So I think I got tricked into another exhibition match this last weekend. For the past two weeks, I've been training with the local boxing team, well really, what seems to be the only boxing team in the country. I was informed that Saturdays were for sparring, but was immediately confused when they had us put on the traditional red and blue uniforms. Maybe their sparring sessions were just really formal I thought. No. That theory went out the window when they started giving introductions and announcing winners to the preceeding bouts.
I ended up "sparring" with Federico, a guy who is inconveniently nicknamed "Chino", so everytime someone yelled anything in the ring addressing that moniker, I had no idea who they were talking to. Holding a MFA in sculpture, Federico professes himself to be "the only civilized one here", reminding me you can be of any color and still be pompous, although the five years he spent in London could have attributed to it as well. But when I asked him "why he was boxing", he simply said "because I need it," quite possibly the shortest, yet most complex answer one could give. Regardless of what you think of the fistic trade, boxing means something to people, it gives them hope.
Like twenty-one year old Juan Carlos, aka "Culicho", who with almost an apologetic tone was the first person to tell me he didn't like where he lived. According to him, the abundance of gangs, robberies, and murders eliminated any prospects of opportunity and made him simply wish that "he lived on the other side." Unable to afford school and residing in a scarce job market, boxing is all he does. I'd like to believe that the sweet science is what makes him the nice guy that literally jumps at any opportunity to help me, whether it is finding me a taxi or keeping me dry when it rains. He throws his hooks wide and needs to work his stance, but he shows up everday, working to one day make it pro which he says he thinks about "siempre" (always).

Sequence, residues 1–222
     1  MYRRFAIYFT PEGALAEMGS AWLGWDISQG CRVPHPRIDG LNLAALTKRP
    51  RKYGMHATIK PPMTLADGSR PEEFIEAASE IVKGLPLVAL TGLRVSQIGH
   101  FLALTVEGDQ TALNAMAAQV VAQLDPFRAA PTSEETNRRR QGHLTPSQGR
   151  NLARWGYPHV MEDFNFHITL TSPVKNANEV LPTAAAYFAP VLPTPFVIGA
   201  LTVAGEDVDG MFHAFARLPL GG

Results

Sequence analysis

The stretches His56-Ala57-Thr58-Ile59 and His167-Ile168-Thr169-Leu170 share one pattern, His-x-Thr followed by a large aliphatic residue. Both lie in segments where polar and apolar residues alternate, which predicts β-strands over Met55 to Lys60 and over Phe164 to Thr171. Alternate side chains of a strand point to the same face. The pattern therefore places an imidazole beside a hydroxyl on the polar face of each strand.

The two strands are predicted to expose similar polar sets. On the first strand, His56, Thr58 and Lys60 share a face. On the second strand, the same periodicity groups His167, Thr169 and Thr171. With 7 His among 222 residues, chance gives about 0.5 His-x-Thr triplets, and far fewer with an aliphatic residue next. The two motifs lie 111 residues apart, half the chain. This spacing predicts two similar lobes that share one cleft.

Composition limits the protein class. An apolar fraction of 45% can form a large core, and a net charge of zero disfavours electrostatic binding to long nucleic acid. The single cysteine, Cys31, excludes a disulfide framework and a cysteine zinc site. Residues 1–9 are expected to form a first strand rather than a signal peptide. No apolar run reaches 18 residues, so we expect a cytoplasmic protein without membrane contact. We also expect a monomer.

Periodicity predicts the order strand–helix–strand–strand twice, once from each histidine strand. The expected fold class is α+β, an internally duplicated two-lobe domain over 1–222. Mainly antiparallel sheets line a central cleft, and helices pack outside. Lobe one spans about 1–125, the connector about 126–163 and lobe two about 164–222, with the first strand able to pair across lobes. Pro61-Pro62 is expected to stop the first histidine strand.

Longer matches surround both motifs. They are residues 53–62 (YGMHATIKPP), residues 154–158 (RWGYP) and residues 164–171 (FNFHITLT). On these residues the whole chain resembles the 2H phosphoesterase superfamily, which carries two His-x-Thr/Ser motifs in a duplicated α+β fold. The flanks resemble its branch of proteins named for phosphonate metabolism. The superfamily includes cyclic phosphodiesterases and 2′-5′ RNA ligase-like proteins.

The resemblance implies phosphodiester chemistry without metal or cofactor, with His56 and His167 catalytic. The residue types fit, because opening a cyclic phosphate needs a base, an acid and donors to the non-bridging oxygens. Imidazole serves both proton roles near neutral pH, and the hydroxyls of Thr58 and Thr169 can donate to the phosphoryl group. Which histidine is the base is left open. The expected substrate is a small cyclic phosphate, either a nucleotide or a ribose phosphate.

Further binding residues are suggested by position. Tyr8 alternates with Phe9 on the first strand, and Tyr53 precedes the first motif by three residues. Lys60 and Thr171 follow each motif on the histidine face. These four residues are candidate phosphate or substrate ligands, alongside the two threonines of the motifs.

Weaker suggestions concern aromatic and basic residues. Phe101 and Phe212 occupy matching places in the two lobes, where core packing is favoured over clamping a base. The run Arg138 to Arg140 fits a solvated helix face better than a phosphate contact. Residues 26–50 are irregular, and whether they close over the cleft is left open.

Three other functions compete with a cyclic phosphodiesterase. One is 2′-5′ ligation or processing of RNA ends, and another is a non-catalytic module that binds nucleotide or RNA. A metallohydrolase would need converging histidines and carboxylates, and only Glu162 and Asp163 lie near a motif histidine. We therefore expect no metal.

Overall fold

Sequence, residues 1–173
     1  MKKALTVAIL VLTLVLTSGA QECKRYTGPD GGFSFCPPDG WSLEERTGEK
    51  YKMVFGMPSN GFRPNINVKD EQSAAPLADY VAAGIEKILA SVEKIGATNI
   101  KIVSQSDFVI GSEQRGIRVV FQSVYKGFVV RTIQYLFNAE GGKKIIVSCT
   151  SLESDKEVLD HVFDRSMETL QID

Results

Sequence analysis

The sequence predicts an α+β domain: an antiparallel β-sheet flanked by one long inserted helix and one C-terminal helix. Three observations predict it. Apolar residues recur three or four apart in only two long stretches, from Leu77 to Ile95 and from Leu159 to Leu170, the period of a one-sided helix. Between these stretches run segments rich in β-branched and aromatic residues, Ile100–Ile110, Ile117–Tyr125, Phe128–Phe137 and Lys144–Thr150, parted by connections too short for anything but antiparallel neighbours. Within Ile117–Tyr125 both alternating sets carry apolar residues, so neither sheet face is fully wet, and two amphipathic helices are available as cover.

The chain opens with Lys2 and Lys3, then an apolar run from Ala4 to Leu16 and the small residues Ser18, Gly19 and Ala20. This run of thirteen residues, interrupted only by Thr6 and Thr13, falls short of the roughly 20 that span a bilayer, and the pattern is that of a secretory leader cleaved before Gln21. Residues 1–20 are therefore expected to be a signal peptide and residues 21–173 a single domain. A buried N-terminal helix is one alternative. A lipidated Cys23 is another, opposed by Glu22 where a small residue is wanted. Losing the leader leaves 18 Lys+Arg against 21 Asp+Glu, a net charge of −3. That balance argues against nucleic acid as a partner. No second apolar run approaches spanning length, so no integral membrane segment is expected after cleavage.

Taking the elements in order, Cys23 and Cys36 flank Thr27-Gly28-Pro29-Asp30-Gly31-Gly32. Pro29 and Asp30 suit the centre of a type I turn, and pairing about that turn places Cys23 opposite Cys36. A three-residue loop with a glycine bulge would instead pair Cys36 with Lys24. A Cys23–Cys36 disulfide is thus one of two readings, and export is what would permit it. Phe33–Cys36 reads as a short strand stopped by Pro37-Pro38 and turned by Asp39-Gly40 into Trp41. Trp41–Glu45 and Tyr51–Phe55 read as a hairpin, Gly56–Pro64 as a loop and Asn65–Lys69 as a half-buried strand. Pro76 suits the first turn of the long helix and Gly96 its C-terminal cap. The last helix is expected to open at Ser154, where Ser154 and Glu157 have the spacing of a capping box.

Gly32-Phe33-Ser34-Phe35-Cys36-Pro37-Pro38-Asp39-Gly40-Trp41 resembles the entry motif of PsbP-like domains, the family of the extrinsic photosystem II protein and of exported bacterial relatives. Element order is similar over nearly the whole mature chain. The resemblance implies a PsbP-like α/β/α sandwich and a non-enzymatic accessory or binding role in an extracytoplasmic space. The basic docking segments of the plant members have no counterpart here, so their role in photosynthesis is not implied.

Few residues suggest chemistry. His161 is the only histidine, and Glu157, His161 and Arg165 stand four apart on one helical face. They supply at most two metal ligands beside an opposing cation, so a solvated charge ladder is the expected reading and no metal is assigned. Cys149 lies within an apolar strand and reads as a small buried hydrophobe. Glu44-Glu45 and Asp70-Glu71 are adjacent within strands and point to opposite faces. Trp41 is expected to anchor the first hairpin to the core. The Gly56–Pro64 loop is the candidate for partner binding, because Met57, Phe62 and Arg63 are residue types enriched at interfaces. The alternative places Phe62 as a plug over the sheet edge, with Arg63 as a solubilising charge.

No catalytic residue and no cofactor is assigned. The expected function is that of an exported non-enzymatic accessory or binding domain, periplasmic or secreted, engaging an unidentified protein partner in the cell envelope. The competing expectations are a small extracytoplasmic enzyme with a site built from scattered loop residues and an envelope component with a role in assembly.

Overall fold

Or like the full-time car painter, Jorge, who honestly fights more with his heart than his head, but is one hell of a body puncher. At nineteen years old, his dreams of becoming a Central American Champion wakes him up to run at 4AM every morning, right before his 9 hr workshift. For him he says its not about the money, he just loves the sport. For him its about the ability for his mother to one day watch a championship fight and say with pride, "Hey, that's my son". He says you can make money in other ways, through work, through studies, but he wants to live his dream, and for him, boxing is it.
Both these pugs have no idea on how they plan to achieve this as Honduras has no professional ranks, in fact boxing here is on life support. But they come anyways because they still hope that the highly unlikely will happen or maybe they know what the sport is doing for them, regardless if they make it pro or not. Maybe they just need the carrot at the end of the stick to justify sacrificing 3 hrs a day, six days a week.
Far from uncivilized I thought, as I was sticking left jabs and pummeling right hand body shots. "Chino" and I fought to a four round draw, an addtional round added, in what I believe he requested to redeem himself from a knockdown I scored at the end of the third. It was due to him being off balance but he went down on a punch, so a knockdown either way. I know it goes against my ethos of being a visitor, but after he had indirectly called the rest of the boxers "uncivilized", I didn't feel that bad. But Federico still made a point. People need boxing. Not to quench a blood thisty attraction to violence or other self-destructive tendencies, but quite the contrary. They come to exercise their desire to get away from them.